NPO governance
02 May
  • By Malcolm Boyd
  • Cause in

The Concept of Governance in NPO’s

So, what is governance?

There are many different definitions and forms of governance, from corporate to public governance. When it comes to non-profit governance, we refer usually to non-profit governing bodies. In my experience, governance gets a bad rap, being viewed as a hugely complex structure. It’s amazing how often people’s eyes glaze over when you raise this topic in conversation. Although, one can complicate this subject, my belief is that the essence of governance is rather simple.


NPO governance

Let me explain.

Governance relates to decisions that define expectations, grant power, and verify performance. Regarding NPOs, governance relates to consistent leadership, management, cohesive policies, processes and decision-rights for a given area of responsibility. Since governance is the process of decision-making and the process by which decisions are implemented, an analysis of governance focuses on the formal and informal actors involved in the making and implementing of decisions. This also includes the formal and informal structures put in place to arrive at and implement the decision/s; plus tracking the actual implementation of the decisions and their outcomes. It requires robust management information reporting systems (MIRS and M&E – Monitoring and Evaluation), being presented in clear dashboard format. This allows the governing body to apply their minds, have rigorous engagement around key strategic imperatives, pass resolutions and assign actions.

Nonprofit governance has a dual focus of achieving the organisation’s social mission and ensuring the organisation is viable. Both responsibilities relate to fiduciary responsibility that a governing body of trustees (sometimes called directors, Governing body, or Management Committee—the terms are interchangeable) regarding the exercise of authority over the explicit actions the organisation takes. Public trust and accountability is an essential aspect of organisational viability, achieving the social mission in a way respected by those whom the organisation serves as well as the society in which it is located.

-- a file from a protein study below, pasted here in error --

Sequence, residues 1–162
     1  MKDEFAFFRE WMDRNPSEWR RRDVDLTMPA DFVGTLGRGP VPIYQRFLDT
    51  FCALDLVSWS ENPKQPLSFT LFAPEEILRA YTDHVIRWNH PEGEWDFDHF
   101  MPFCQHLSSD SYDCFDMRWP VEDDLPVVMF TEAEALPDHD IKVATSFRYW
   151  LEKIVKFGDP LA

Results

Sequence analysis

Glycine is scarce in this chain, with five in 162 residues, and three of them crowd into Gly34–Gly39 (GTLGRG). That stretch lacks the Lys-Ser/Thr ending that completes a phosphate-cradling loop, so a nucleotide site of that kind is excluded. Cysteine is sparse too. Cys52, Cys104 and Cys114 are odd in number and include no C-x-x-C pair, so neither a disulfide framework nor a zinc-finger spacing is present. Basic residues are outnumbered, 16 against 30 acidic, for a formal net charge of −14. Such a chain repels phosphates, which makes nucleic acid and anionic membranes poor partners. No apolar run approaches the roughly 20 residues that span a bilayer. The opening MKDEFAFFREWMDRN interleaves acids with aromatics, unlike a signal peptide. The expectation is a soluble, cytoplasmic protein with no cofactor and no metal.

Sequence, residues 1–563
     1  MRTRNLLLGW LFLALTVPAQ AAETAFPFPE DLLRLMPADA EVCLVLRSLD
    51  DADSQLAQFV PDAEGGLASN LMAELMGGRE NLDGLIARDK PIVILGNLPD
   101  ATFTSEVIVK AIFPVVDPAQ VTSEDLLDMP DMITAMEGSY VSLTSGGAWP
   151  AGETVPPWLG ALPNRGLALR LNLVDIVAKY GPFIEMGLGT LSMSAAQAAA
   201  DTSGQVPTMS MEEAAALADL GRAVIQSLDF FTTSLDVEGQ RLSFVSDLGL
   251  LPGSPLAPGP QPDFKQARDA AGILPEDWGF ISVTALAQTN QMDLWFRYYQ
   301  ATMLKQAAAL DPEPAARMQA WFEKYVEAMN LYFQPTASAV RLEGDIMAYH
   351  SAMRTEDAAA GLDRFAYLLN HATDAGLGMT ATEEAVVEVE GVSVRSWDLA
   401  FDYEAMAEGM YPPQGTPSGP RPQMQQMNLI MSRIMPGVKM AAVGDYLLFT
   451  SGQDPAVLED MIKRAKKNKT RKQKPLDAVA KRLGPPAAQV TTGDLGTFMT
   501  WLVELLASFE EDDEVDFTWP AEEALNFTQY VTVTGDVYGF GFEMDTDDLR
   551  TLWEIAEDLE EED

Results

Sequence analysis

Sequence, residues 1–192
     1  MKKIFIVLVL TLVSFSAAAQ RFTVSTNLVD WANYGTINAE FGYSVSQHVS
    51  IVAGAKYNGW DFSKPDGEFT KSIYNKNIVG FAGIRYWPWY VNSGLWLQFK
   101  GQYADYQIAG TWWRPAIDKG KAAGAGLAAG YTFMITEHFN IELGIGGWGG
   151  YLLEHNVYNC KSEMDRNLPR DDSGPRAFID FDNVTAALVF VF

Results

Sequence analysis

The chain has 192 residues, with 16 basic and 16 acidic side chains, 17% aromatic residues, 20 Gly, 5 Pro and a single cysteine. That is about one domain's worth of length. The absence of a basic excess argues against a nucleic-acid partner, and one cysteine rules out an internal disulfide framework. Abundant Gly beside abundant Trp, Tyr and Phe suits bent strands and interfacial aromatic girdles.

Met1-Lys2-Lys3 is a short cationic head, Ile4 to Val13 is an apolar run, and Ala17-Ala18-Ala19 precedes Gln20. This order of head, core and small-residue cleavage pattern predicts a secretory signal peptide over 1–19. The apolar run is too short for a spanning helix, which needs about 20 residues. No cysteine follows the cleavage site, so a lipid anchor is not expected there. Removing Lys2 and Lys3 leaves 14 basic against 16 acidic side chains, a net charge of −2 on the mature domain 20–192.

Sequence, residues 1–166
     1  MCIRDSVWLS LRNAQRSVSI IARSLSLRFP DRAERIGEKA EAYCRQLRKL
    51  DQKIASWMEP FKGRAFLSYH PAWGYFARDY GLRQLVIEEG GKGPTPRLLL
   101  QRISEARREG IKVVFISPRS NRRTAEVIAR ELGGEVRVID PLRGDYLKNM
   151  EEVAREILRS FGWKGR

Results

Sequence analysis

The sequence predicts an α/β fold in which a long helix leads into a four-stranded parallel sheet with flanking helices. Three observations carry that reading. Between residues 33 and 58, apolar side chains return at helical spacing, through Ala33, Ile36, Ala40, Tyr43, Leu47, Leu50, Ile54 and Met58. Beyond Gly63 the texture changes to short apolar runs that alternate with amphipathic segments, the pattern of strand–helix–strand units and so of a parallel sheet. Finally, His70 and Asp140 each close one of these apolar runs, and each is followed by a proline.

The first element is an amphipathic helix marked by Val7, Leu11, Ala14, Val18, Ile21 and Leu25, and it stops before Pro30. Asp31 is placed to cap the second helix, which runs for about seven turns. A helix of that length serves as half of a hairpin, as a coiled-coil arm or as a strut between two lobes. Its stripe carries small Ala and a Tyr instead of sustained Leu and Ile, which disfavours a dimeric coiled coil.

Good non-profit governance focuses on processes for making and implementing decisions that will continue to advance an organisation’s principles and mission and provide strategic leadership to a non-profit organisation.

The primary functions of governance are:

Governance: direction, decision making, continuity, accountability leadership: inspiration, empowerment – responsibility

Management: effectiveness, organisation, delivery

With the additional core functions:

Outreach: scanning for trends, needs, expectations, problems

Stewardship: ensuring vision and evolution

Oversee operational structure and operations: ensuring accountability, responsibility, policy

implementation, operational effectiveness, financial sustainability

Ambassadorial and legitimising: promotion, networking, representation

Self-reflection and assessment: internal reviews, trust-building


Here are some questions governing body members should ask during their due diligence process:

  • How ethical are our current practices? (management and governing body structure, internal code of conduct, reporting and transparency, etc.)
  • How do we prove we are doing what we say we do?
  • Are we continually improving on what we do?
  • What is the role of governance in our organisation?
  • Who are we accountable to?

Does triple bottom line reporting (the King Report on Corporate Governance – reporting against an organisation’s perceived social, economic and environmental responsibilities) apply to us?


The Importance of NPO Governing bodies and Governance

NPOs need strong, active and committed governing bodies. They play a critical role in ensuring financial sustainability and accountability to internal and external stakeholders, protect the organisation from losing its focus as well as protect the organisation’s values and resources. Therefore there should be clear role demarcation between the CEO and the governing body. To perform at top level, governing body members require training – a lack of skills and leadership leads to inconsistency in applying good governance principles. Good governance can be achieved through better utilisation of resources.

The application of good governance principles must be visible in the values of the organisation and in the way the organisation utilises its resources.


To conclude, here are some critical questions NPOs need to ask themselves in applying good governance principles:

  • Does our governance ensure consistency in what we do and what we say we do?
  • Is there a clear understanding of the organisation’s value system?
  • What is the result and impact of our work as NPOs?
  • Fiduciary responsibilities – how are these handled?
  • Do we ensure better stakeholder participation – how to account to beneficiaries, peers and donors? Through better governance systems?
  • Do we have the correct governing body composition?
  • Do we have an updated skills matrix?
  • Do we have a proper CEO, Chair and governing body members succession plan?
  • Is our strategic plan linked to our succession planning?

So, if you are currently serving on a NPO governing body, or thinking of joining one be sure to conduct your own due diligence around the organisation’s governance and ask the right questions. Have a look at my other posts for more insight or get in touch.  


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Malcolm Boyd
Founder and Managing Partner of Third Sector Insights.

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